The battery lasted longer than we’ve become accustomed to with GoPros – though we used it in summer on a glacier it still had the juice in it when our regular Hero6 had run dry. This is certainly because of the bigger battery, and also because there’s no LED touch display eating up all that energy. Which brings us to another point – yeah, there’s no LED touch display. Going back to the interface familiar to anyone who’s used the older GoPros might seem a step backwards – and it’s certainly less intuitive that a touchscreen that you can review your footy on immediately – but it’s not that big a deal, plus you can connect via the GoPro app if you need to. Connecting to the app was super easy, so for long days on the mountain we’d certainly rather have the extra battery life.
Firing the Fusion up is easy (a long press on the power button) – and there’s also the ‘fast start’ option like on other GoPros where hitting the camera button turns it on and starts capturing whatever mode you set it to. Once on, you can choose between video, photo, and timelapse modes, each of which can be set to a range of resolutions/frame rates/intervals, with the option of enabling ProTune to give you more flexibility in post-production. We’ll come to the resolution part later, but in video you can have video at a whopping 5.2k/30fps. Impressive. The quality of the footage was as you’ve come to expect from GoPros: excellent in bluebird conditions, yet taking a drop when there’s cloud cover. Even then, it’s still good.
Bar the couple of drone shots and two scenics filmed with the Hero6, the video above of the 2018 Muzelle Festival in Les Deux Alpes was all shot with the Fusion.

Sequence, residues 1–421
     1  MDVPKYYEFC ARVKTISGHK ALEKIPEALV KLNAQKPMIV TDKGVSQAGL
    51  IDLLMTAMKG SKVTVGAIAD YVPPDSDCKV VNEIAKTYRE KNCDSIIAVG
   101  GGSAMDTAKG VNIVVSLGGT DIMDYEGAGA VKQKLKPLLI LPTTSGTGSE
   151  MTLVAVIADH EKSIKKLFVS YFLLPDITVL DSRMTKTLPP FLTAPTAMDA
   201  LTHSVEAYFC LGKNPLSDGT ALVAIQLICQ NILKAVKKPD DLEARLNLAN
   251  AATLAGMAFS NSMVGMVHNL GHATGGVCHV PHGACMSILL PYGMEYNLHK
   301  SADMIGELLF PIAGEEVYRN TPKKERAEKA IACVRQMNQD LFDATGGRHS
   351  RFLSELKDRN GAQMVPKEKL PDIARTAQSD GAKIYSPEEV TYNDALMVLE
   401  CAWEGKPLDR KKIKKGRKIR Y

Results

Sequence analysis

It comes with the good-sized Fusion Grip pole, which also doubles as a tripod. This works fine, but you might want to consider getting a bit more length for more elevated angles seen in Tim Humphreys’ videos. When it comes time to start shooting, hit record, point it kinda where you want your main focus to be and it captures… 360 degrees. Once in post you can then reframe how you want, or go full VR/360 if you want.
As there’s no screen, when you want to check your shots on the hill you’ll need to connect it to the GoPro app via the in-built wifi – you can also use it to control the camera with. While we had no problems whatsoever controlling the Fusion through the phone app (even from several metres away), when it came to reviewing footage or trying to produce short clips or shots for Instagram things started to get more difficult.
Full disclosure – We knew the Android phone we used (Samsung Galaxy S7) only partly supported the Fusion, so we was expecting to run into a brick wall or two, but while it wasn’t unusable it was certainly frustrating to only be able to peek through the letterbox at what it could be if it worked properly. If you have the new iPhone X your experience would be smoother (GoPro state iPhone 7 and above are compatible), no doubt, but the Android list of compatible devices is not as straightforward as you might think: some older models don’t work, some do but only partially (like the S7), some older models do work, some newer models don’t. If you’re on Android make sure your model is fully compatible or hold off till Android gets fuller support.
It’s not just video – the Fusion can also help you bag some bonkers photos, like this one of Jan Scherrer shot by GoPro master Markus Fischer.
Playing back the video worked, but was markedly stuttered (even when downloaded locally to the phone), photos just black screened and though OverCapture worked occasionally, due to the aforementioned stuttering was rather hit and miss. Even if everything worked flawlessly, we’d imagine that moving the frame with the phone or your fingers isn’t going to be as precise as if you get the footage into a computer and create with editing software. For quick social media clips it would be fine, but for better results it makes sense to get the footage into a desktop/laptop.
“For quick social media clips [the GoPro app] would be fine, but for better results it makes sense to get the footage into a desktop/laptop.”
If you want to edit your footage on a computer you’ll need to at a minimum download GoPro’s Fusion Studio software, but we found it much easier to work with the files by rendering them through Fusion Studio and then working on them in Premiere Pro with the GoPro VR Plugin installed.
Here, there were some more bumps in the road. Again, the Mac we use to edit is not the newest (that said it’s no slouch) but it hits the Fusion Studio’s minimum requirements, however there were some things we just couldn’t do without having the software crash.